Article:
Session 2 introduced the distinction between role and identity. We usually express roles in statements about what we do (“I am an engineer”), while identity statements express who we are, regardless of what we do (“I am trustworthy”). The attributes of identity, what sort of person we are, will go with each of us into whatever roles we fill and will transform the ways we carry out any given role.
We must grasp this distinction as we move into the discussion of gender. Gender is one key component of identity. Being a man or being a woman affects our outlook on life in ways we may be unaware of. In this session we will ask, “What kind of man or woman am I?” and “Where and from whom did I learn to be that kind of man or woman?”
- Individual Aim: To explore past influences and present views regarding gender.
- Group Aim: To gain greater understanding of the influence of gender on how people think and act.
Read Session 3: Gender.
Complete the Life Inventory: Gender exercise beginning on page 94.
While our biological sex traits (anatomy and physiology) are determined at birth, our sense of what it means to be male or female, masculine or feminine, develops through our family, culture, and experiences. One striking example in Scripture that points to the difference between men and women is when God gives distinct curses to Adam and Eve after they eat the forbidden fruit:
To the woman he said,
“I will greatly increase your pains in childbearing; with pain you will give birth to children. Your desire will be for your husband, and he will rule over you.”
To Adam he said, “Because you listened to your wife and ate from the tree about which I commanded you, ‘You must not eat of it,’
“Cursed is the ground because of you;
through painful toil you will eat of it
all the days of your life.
It will produce thorns and thistles for you, and you will eat the plants of the field. By the sweat of your brow you will eat your food until you return to the ground, since from it you were taken; for dust you are and to dust you will return.” (Genesis 3:16-19)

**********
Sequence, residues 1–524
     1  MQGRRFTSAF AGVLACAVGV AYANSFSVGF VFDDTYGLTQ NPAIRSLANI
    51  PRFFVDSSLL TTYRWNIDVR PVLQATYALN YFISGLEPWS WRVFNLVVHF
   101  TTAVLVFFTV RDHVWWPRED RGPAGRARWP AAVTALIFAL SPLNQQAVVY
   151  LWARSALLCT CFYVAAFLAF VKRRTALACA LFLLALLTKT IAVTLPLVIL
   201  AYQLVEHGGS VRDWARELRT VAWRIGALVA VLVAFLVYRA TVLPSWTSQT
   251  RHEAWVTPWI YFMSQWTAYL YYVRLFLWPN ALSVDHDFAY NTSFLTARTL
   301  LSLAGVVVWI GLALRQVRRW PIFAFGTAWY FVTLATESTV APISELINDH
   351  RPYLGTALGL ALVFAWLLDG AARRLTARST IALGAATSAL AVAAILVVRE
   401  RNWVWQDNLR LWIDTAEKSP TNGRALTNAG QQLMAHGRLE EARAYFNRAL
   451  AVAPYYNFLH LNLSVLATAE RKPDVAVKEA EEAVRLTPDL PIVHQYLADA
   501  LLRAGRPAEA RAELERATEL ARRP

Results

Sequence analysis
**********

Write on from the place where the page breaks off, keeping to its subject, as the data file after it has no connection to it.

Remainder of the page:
A proper understanding of sexuality and gender must be based on Scripture. While it’s not within the scope of this study to give a complete overview, we’ll flesh out a few fundamental ideas.
First, men and women are equal as God’s representatives:
In the Lord, however, woman is not independent of man, nor is man independent of woman. For as woman came from man, so also man is born of woman. But everything comes from God. (1 Corinthians 11:11-12)
Scripture never portrays either men or women as superior to the other in foundational issues, such as one’s potential to glorify God.
The Creation account provides the bedrock for understanding gender issues throughout Scripture:
So God created man in his own image,
in the image of God he created him;
male and female He created them. (Genesis 1:27)
Raymond Ortlund Jr., pastor and former professor at Trinity Evangelical Divinity School, notes the distinct emphasis in each line:
Line one asserts the divine creation of man. We came from God. Line two overlaps with line one, except that it highlights the divine image in man. We bear a resemblance to God. Line three boldly affirms the dual sexuality of man. We are male and female.
This passage in Genesis demonstrates that each human being reflects God’s image. Humankind is the image bearer, and humankind is male and female. As the Creation account continues, both man and woman are commissioned to rule and fill the earth. The command in 1:28 is for humans to “be fruitful and increase in number; fill the earth and subdue it.” Humanity has the responsibility to produce life, both spiritual and physical.
Likewise, God commissioned humanity to rule over His creation. Ortlund continues, “Man was created as royalty in God’s world, male and female alike bearing the divine glory equally.”